Caught in a Fast Current

akasima2, originally uploaded by amakusavibe.

The day had gone by effortlessly, cruising down the fast current south along the western shore of the island.

Anything to fuel the Economy!

usibuka, originally uploaded by amakusavibe.

Rounding the islands southern point, we paddled under the Ushibuka Bridge. This huge and unneeded bridge is a symbol of the exorbitant construction budgets that fuel the Japanese economy.

Secret Beach

muta0, originally uploaded by amakusavibe.

That night we camped at a beautiful beach near the town of Sakitsu. The clear night brought cold temperatures as the mercury dipped to around 0. While we were paddling we were not especially cold, but the moment we stopped we quickly became frozen. The beach was littered with driftwood, which came in handy to build a bonfire. On this fire we roasted dried rice cakes (mochi) until they were brown and swollen. A delicious meal followed and we quickly gobbled down like a couple of wild boars in a vegetable garden.

That night due to a slow leak in my thermarest, I froze and woke up not feeling especially fresh.

Tunnel of Love

myoken, originally uploaded by amakusavibe.

The next day we slept in a bit since we had an easy day ahead. The forecast called for light wind and 0.5m waves, so our planned itinerary should have been a piece of cake. As we set off to enjoy our easy day we were blasted with a sharp north wind. The waves were also much bigger than anticipated. Our progress at times slowed to 1.5km/hour. At this rate we would never make it. Gone were my wandering thoughts of the past day. In its place I felt an urgency to arrive at our goal in one piece.


tomioka, originally uploaded by amakusavibe.

It was almost completely dark; the last glow of sunset was slowly fading on the southwestern horizon. We were going around Shikizaki misaki (a cape on the north west tip of Shimo shima). We had planned to paddle for 2 hours past sunset. This way we would catch the fast moving current flowing at 7km/hour (the ocean expressway) and arrive at our camp destination set up nicely for the final push home in the morning. Everything seemed doable; the sea seemed calm and manageable. Suddenly as we went around the cape the waves were big and irregular, I couldn't see, I was struggling to keep control, to overturn at this moment in time was not an option, I had to keep it together. I was hyperventilating, my heart was pounding, Rik called to me to make a sharp right turn, we had to zigzag through the waves toward the sheltered side of the promontory. Keep it together, relax, you are almost there, paddle hard get out of this mess. Finally calm, tranquility, we were out of the rough waters. That's enough for this day, let's set up camp, eat some grub and get to bed.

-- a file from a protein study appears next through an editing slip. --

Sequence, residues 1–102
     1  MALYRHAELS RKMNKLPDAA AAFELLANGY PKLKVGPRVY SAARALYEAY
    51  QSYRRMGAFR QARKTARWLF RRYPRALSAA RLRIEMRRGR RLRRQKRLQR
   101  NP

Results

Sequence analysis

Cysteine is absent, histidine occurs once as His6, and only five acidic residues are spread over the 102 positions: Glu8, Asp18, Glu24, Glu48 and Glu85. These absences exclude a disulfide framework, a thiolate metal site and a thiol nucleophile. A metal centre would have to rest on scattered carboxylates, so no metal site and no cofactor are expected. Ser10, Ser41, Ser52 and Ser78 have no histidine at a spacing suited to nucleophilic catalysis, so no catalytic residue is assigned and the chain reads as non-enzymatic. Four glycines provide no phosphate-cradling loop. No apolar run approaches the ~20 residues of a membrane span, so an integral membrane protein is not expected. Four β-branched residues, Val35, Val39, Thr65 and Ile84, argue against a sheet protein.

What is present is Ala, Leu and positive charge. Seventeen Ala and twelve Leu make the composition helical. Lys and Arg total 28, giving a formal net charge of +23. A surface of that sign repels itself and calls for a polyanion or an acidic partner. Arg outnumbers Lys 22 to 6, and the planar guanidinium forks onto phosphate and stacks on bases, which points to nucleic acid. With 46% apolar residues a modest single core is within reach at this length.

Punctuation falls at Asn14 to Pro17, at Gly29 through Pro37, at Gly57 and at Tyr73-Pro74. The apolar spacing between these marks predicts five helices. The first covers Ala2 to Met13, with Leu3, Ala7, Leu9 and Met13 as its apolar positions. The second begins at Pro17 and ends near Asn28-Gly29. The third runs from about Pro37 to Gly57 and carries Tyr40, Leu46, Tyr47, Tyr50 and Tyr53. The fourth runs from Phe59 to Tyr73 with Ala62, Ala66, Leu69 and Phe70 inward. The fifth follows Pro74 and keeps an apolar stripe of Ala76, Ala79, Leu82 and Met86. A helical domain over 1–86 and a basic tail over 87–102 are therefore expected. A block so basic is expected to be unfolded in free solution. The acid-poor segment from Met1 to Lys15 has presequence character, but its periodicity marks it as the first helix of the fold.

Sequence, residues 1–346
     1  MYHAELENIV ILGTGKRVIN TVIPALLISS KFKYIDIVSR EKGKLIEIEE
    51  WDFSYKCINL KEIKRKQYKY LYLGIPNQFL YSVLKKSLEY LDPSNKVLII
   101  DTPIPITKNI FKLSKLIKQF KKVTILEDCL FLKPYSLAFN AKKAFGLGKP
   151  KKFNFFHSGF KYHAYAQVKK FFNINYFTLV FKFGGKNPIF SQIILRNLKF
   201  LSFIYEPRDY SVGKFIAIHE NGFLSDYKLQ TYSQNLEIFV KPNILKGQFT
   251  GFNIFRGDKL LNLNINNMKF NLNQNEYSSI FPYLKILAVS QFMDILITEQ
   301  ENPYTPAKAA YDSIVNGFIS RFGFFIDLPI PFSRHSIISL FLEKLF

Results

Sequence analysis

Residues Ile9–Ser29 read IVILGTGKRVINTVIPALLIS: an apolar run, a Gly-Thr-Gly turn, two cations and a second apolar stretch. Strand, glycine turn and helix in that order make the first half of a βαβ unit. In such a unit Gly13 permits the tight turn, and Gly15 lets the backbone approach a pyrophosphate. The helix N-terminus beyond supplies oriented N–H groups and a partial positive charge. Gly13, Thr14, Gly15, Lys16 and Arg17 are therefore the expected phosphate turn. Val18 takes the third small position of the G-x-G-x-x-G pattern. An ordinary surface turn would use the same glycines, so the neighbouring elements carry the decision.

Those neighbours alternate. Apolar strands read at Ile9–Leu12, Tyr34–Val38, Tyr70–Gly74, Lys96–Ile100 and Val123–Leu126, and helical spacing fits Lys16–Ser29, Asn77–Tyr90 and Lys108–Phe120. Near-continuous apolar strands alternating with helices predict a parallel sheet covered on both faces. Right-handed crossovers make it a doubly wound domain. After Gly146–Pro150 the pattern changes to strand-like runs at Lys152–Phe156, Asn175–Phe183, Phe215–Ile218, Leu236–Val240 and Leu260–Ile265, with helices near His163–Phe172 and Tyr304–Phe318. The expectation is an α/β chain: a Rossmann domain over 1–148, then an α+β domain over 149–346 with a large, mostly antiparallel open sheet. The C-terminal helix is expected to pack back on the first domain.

Beautiful Amakusa

nagahae, originally uploaded by amakusavibe.

We were blessed with a hard sleep after the traumatic event of the evening before. The morning greeted us with a slight north wind, a calmer sea and a hazy sky. Our bodies felt achy and my hands were sore, probably from over-gripping my paddle out of fear. Unfortunately since the previous day was cut rudely short, we were forced to make up the distance to make it back to our starting point before our workday started at 3:00. Out we dashed into the fast moving current and cruised on our way. Time was at a premium however. We were left with a dilemma. We could hoof it back (in our exhausted state), hopefully encounter no problems and then arrive with seconds to spare in time for work. Of course that plan was ditched, Plan B was put into action. I docked in Hondo, leaving Rik to sprint the extra 15 km back to our car.

That day at work we were on a high, the exhaustion didn't hit us until the next day and the whole next week.